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Solar Activity, Earth's Magnetic Field and Galactic Cosmic Rays
Dergachev, V.A., Dmitriev, P.B., Raspopov, O.M. and Jungner, H. 2006. Cosmic ray flux variations, modulated by the solar and earth's magnetic fields, and climate changes. 1. Time interval from the present to 10-12 ka ago (the Holocene Epoch). Geomagnetizm i Aeronomiya 46: 123-134.

What was done
The authors review what they deem to be the salient features of the interacting effects of variations in solar activity and earth's magnetic field on the flux of galactic cosmic rays, together with the likelihood of their potential impact on earth's climate, based on "direct and indirect data on variations in cosmic rays, solar activity, geomagnetic dipole moment, and climate from the present to 10-12 thousand years ago, [as] registered in different natural archives (tree rings, ice layers, etc.)."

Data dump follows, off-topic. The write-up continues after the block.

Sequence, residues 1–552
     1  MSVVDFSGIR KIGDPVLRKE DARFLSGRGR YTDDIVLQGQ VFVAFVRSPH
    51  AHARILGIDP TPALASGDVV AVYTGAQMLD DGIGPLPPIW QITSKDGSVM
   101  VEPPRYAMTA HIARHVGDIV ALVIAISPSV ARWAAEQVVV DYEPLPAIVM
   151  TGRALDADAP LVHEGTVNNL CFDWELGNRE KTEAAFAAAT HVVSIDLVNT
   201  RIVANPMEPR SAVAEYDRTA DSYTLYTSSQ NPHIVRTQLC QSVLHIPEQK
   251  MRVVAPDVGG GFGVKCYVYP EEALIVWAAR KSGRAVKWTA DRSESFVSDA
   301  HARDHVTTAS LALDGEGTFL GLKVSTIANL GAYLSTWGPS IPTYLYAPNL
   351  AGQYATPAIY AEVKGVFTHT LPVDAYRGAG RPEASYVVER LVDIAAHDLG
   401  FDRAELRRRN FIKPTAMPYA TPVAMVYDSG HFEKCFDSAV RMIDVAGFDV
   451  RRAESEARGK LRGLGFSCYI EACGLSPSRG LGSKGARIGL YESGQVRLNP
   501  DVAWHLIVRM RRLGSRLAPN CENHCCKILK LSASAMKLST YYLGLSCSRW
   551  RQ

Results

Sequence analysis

What was learned
Dergachev et al. find that "galactic cosmic ray levels in the earth's atmosphere are inversely related to the strength of the helio- and geomagnetic fields," and they conclude that "cosmic ray flux variations are apparently the most effective natural factor of climate changes on a large time scale." More specifically, they note that "changes in cloud processes under the action of cosmic rays, which are of importance for abundance of condensation nuclei and for ice formation in cyclones, can act as a connecting link between solar variability and changes in weather and climate," and they cite numerous scientific studies that indicate that "cosmic rays are a substantial factor affecting weather and climate on time scales of hundreds to thousands of years."

What it means
Carbon dioxide may not be the all-important dominating factor climate alarmists make it out to be when discussing earth's climatic history. Within the context of the Holocene, for example, the only time CO2 moves in concert with air temperature is over the period of earth's recovery from the global chill of the Little Ice Age (the past century or so), and it only does so then quite imperfectly. The flux of galactic cosmic rays, on the other hand, appears to have influenced ups and downs in both temperature and precipitation over the entire 10-12 thousand years of the Holocene, making it the prime candidate for "prime determinant" of earth's climatic state.

Reviewed 20 June 2007